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those of the writer. The circumstance of Keats having been brought up a surgeon, is the staple of the jokes of the piece-he is told, “it is a better and a wiser thing to be a starved apothecary, than a starved poet,” and is bidden “ back to his gallipots ;', just as an orthodox Jew might have bidden Simon Peter back to his nets. At any rate, this was hardly the way to teach refinement to low-born poets, and to show the superior breeding of aristocratic reviewers.

On looking back at the reception of Keats by his literary contemporaries, the somewhat tardy appearance of the justification of his genius by one who then held a wide sway over the taste of his time, appears as a most unfortunate incident. If the frank acknowledgment of the respect with which Keats had inspired Mr. Jeffrey, had been made in 1818 instead of 1820, the tide of public opinion would probably have been at once turned in his favor, and the imbecile abuse of his political, rather than literary, antagonists, been completely exposed. In the very first sentence of his essay, indeed, Mr. Jeffrey lamented that these works had not come under his notice earlier, and, in the late edition of his collected articles, he expresses “ the additional regret that he did not even then go more largely into the exposition of the merits of one, whom he ever regards as a poet of great power and promise, lost to us by a premature death.” This notice in the “ Edinburgh Review” referred principally to “ Endymion,” of which, after a fair statement of objections to certain exaggerations and imperfections, it summed up the character and value as follows; and I think it nearly impossible to express, in fewer or better words, the impression usually left by this poem on those minds which, from their constitution, can claim to possess an opinion on the question.

"It [Endymion] is, in truth, at least as full of genius as of absurdity, and he who does not find a great deal in it to admire and to give delight, cannot, in his heart, see much beauty in the two exquisite dramas to which we have already alluded [the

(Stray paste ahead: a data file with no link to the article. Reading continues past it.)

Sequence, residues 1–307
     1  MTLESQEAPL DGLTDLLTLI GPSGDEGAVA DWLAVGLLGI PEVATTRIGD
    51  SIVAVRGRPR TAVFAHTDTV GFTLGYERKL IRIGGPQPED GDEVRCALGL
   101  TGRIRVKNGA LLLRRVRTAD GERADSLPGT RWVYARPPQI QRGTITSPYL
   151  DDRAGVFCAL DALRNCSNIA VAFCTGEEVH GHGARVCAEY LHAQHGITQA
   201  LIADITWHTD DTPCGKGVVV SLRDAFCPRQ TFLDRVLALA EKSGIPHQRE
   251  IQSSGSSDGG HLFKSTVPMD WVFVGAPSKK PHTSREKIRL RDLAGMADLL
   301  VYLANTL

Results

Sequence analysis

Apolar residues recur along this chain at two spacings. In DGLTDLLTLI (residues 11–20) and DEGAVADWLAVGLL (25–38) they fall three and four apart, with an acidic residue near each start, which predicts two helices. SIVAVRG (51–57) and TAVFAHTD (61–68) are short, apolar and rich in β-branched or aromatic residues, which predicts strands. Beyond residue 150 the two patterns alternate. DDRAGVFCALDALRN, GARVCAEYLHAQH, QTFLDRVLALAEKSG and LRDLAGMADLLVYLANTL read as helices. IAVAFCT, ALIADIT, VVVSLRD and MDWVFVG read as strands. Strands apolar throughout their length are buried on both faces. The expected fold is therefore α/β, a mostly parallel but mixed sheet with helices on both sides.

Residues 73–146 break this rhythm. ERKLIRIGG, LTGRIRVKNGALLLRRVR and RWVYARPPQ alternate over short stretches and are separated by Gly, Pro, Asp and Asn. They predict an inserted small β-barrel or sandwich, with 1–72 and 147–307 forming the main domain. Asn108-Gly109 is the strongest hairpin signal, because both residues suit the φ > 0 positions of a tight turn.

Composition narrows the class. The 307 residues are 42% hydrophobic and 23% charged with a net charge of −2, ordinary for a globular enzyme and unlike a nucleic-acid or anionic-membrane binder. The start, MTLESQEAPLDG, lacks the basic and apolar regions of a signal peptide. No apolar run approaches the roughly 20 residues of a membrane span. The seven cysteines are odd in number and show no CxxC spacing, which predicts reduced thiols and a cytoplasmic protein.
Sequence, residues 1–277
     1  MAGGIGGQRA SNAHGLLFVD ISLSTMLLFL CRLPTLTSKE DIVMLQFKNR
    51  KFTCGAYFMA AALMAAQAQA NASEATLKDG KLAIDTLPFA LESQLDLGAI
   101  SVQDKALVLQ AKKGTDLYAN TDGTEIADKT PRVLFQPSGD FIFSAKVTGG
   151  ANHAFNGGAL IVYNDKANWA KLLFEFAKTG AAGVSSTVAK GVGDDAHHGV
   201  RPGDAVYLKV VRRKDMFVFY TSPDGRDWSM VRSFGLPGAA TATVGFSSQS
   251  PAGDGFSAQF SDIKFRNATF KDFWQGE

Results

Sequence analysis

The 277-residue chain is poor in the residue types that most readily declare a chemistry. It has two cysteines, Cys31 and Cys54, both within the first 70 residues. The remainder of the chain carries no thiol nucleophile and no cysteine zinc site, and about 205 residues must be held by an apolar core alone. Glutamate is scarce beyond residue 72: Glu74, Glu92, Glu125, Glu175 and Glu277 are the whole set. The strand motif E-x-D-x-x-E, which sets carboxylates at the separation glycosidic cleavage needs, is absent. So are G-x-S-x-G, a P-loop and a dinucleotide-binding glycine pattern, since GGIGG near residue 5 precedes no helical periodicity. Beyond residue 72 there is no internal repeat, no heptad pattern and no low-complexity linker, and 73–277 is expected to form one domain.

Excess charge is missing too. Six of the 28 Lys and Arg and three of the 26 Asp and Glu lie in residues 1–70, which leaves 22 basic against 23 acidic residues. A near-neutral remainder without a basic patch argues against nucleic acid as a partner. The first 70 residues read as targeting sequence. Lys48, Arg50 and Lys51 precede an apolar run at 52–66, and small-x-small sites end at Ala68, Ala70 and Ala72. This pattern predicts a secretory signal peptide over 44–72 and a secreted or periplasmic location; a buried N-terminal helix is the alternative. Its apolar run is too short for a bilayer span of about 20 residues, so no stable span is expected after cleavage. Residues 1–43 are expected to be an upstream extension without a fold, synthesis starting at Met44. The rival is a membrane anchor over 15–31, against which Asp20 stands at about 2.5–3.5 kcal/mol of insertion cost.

Faithful Shepherdess of Fletcher, and the “Sad Shepherd' of Ben Jonson,] or find any great pleasure in some of the finest creations of Milton and Shakspeare. There are very many such persons we readily believe, even among the reading and judicious part of the community—correct scholars we have no doubt many of them, and, it may be, very classical composers in prose and in verse, but utterly ignorant of the true genius of English poetry, and incapable of estimating its appropriate and most exquisite beauties. With that spirit we have no hesitation in saying Mr. Keats is deeply imbued, and of those beauties he has presented us with many sterling examples. We are very much inclined, indeed, to add, that we do not know any book which we would sooner employ, as a test to ascertain whether any one had in him a native relish for poetry, and a genuine sensibility to its intrinsic charm.

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This peculiar treatment of the Greek mythology, which was merely repulsive to the unscholarly views of pedants, and quite unintelligible to those who, knowing no more than Keats himself did of the Grecian language, were utterly incapable of comprehending the faculty by which the Poet could communicate with Grecian nature, is estimated by Mr. Jeffrey, with remarkable justice and force; but, perhaps, without a full conception of the process by which the will of Keats came into such entire harmony with the sensuous workings of the old Grecian spirit, that not only did his imagination delight in the same objects, but that it was, in truth, what theirs under certain circumstances might have been. He writes,